Power Systems and Sustainability
Camfil Power Systems (PS) provides filtration and acoustical solutions for turbomachinery including gas turbines, generators,industrial air compressors and diesel engines. Turbomachinery technology has evolved tremendously over the past decades.
But this progress has also made turbomachinery more susceptible to fine particulates that cause fouling and corrosion, leading to more rapid degradation of performance. At the same time, stricter emission regulations are requiring newer, more efficient technologies on the filtration side that are adapted to changing environmental conditions.
Power systems solutions optimise engine performance, extend equipment component life and increase uptime by removing particles that could degrade the turbomachinery due to erosion, fouling and corrosion. They are manufactured to the highest standards and are equipped with proprietary Camfil filters to ensure that customers operate their assets reliably and efficiently.
How Camfil Power Systems helps customers reduce their carbon footprint
BOOST TO REDUCE – A CO2 REDUCTION AWARENESS CAMPAIGN
Camfil is running an educational campaign to encourage customers to cut their total CO2 emissions. Since fouled gas turbines become less efficient, they need to burn more fuel to generate the same power or they need to find another way to make up the lost power. As a consequence of burning more fuel, carbon emissions also increase per megawatt hour produced.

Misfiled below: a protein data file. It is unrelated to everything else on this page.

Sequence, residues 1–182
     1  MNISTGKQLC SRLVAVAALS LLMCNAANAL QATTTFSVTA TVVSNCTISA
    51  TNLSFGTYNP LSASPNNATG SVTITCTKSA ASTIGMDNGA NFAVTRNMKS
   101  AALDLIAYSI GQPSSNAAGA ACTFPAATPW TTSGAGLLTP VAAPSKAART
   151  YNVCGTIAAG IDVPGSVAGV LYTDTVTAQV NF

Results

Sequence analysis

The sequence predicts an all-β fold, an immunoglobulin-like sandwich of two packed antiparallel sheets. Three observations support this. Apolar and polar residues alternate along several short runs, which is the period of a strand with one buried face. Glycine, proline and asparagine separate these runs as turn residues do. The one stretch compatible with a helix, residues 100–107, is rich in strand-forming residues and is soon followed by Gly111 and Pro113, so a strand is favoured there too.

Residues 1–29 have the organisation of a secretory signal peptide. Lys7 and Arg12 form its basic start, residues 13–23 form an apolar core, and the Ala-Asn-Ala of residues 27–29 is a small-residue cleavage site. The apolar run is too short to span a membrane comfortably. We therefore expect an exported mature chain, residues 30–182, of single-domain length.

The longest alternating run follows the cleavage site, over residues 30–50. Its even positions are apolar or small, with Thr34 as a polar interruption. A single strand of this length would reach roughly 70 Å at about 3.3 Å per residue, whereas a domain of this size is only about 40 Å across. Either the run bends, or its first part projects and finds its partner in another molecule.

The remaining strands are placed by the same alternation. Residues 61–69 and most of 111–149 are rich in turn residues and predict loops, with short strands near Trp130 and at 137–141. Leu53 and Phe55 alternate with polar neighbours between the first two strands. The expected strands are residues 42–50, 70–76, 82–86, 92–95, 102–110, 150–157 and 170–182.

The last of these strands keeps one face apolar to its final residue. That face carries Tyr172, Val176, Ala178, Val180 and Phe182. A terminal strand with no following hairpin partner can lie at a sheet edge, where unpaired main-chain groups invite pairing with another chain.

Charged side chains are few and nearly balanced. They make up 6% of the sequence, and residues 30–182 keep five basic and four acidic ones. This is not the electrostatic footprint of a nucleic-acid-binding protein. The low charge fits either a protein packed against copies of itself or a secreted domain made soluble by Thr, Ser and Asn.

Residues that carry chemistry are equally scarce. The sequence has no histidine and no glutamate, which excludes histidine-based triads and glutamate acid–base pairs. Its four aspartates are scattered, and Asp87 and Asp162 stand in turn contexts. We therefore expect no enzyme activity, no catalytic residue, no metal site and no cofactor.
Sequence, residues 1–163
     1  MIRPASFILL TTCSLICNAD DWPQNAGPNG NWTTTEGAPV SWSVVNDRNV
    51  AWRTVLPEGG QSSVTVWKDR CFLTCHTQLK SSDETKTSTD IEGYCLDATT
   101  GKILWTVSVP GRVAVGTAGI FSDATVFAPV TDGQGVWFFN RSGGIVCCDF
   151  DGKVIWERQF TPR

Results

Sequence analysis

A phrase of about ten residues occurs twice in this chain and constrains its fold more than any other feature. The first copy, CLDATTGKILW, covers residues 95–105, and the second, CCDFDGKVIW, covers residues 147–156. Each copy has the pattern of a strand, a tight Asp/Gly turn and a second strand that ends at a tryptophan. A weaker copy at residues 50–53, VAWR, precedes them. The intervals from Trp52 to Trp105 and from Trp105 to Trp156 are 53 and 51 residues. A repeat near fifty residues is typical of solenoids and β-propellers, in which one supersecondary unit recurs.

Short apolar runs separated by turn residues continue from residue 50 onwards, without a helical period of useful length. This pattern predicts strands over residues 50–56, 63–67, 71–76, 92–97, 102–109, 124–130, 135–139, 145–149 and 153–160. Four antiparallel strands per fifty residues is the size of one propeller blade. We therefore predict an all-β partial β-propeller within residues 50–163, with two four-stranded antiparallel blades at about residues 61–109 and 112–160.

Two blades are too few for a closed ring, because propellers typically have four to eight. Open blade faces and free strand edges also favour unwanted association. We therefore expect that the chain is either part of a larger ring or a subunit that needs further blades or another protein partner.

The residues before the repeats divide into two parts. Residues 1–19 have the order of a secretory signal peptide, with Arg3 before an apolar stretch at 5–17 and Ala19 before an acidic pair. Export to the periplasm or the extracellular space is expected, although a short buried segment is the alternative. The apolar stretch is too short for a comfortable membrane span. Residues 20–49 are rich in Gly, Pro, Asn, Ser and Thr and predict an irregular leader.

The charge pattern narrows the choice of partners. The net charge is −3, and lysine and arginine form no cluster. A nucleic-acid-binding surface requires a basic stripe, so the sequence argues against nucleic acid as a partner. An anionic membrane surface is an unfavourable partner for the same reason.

A simple way for these customers to get cleaner-running engines with less fouling, corrosion and air resistance consists of simply upgrading the filter solution with Camfil’s hydrophobic, high efficiency EPA filter solution.
In addition to reducing the carbon footprint and lowering the impact on climate change, benefits include increased profitability, reliability, availability and a safer working environment.
This campaign presented
A CASE WHERE AN UPGRADE FROM A STANDARD M6 FILTER COULD SLASH TOTAL CO2 EMISSIONS BY 5%.
IN THIS CASE: 35 000 TONNES
WHICH IS EQUIVALENT TO REMOVING 18.000 CARS FROM THE ROAD.
TEST & LEARN EVENTS - HANDS-ON TRAINING
Camfil regularly welcomes customers to its gas-turbine filtration labs at its Test & Learn centres in North America, Europe and Asia. There, we train customers and help them improve their knowledge of air filtration and gas turbines through intensive courses that involve both theory and practice.
Objectives of the training include: gaining an understanding of basic air-intake filters and gas turbine theory; understanding engine degradation caused by erosion, fouling and corrosion and how to mitigate its risks; identifying environmental/site conditions to determine the type of contaminants that are affecting the customer’s gas turbines; and understanding howto design an inlet system according to specific site conditions.
The training sessions attracted over 200 participants in 2019.
WATCH & LEARN – A NEW VIDEO LEARNING SERIES